Recent work involving the Laboratory of Biometry and Evolutionary Biology and the Laboratory of Viral Infections and Comparative Pathology (Claude Bernard University Lyon 1) shows that viral infections interfere with transposable elements activity in Drosophila.
Transposable elements (or transposons) are DNA sequences, which present themselves as parasites of the genomes. They are able to move and multiply along chromosomes. They are present in all organisms and make up half of the human genome. When they transpose, they cause mutations, which can be deleterious, but also a source of genetic innovation. The activity of transposable elements is not constant over time. And while it is known that certain factors such as stress can trigger transposition, the understanding of the dynamics of these sequences within genomes is still only partial.
The study developed by a research team within the Biometrics and Evolutionary Biology Laboratory and the Viral Infections and Comparative Pathology Laboratory, financially supported by the LabEx Ecofect within the framework of the ERMIT project, has shown that viral infections are a new factor at the origin of the modulation of the activity of transposable elements. Indeed, by using different lines of fruit flies infected by the Sindbis arbovirus, it appears that the quantity of transcripts of transposable elements, which are essential for transposition, varies upon viral infection. These modulations involve RNA interference pathways, which are involved in the antiviral response of drosophilia.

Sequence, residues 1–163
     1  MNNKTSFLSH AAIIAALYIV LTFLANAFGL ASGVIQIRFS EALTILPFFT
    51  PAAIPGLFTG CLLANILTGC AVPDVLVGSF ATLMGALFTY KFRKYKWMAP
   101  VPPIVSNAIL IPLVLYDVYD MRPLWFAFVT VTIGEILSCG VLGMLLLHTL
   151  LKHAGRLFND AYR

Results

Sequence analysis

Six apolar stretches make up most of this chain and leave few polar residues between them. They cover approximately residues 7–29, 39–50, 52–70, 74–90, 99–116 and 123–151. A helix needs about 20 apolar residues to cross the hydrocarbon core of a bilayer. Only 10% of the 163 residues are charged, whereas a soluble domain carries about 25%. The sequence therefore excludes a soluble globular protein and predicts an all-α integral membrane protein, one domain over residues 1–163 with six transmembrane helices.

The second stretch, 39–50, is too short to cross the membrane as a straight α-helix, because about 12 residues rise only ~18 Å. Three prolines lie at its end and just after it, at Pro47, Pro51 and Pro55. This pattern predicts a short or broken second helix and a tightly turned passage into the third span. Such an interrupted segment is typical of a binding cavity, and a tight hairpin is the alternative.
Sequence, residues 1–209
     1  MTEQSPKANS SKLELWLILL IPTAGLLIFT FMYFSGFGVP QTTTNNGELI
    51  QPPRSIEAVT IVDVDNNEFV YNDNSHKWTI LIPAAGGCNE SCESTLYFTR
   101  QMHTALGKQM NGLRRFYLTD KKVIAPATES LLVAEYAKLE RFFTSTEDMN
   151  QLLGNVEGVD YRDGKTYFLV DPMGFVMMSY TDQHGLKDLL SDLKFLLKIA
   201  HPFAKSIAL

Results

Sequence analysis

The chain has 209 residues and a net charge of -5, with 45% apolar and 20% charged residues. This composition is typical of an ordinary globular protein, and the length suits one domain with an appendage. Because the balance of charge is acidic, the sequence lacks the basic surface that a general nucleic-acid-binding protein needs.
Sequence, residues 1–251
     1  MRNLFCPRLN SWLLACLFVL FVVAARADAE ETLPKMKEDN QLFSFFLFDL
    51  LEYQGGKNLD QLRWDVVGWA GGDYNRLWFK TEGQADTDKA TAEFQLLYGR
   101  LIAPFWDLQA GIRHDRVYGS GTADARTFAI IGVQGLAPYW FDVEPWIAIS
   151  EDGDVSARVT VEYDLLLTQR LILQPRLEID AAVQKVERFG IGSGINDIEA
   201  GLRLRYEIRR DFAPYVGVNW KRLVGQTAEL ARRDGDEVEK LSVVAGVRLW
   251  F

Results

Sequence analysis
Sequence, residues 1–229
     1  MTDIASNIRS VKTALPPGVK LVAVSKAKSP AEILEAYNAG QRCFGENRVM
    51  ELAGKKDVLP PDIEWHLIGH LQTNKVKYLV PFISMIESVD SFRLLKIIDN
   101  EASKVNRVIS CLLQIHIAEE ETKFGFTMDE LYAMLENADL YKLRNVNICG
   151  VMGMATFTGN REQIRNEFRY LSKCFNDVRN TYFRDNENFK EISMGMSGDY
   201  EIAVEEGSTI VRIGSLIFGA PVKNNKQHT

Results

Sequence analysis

Considering that viral infections impact transposable element activity, these results suggest that they may play a role in modulating the speed of genome evolution.
Claude Bernard University Lyon 1 (French: Université Claude-Bernard Lyon 1, UCBL) is one of the three public universities of Lyon, France. It is named after the French physiologist Claude Bernard and specialises in science and technology, medicine, and sports science. It was established in 1971 by the merger of the ‘faculté des sciences de Lyon’ with the ‘faculté de médecine’.
The main administrative, teaching and research facilities are located in Villeurbanne, with other campuses located in Gerland, Rockefeller, and Laennec in the 8th arrondissement of Lyon. Attached to the university are the Hospices Civils de Lyon, including the ‘Centre Hospitalier Lyon-Sud’, which is the largest teaching hospital in the Rhône-Alpes region and the second-largest in France.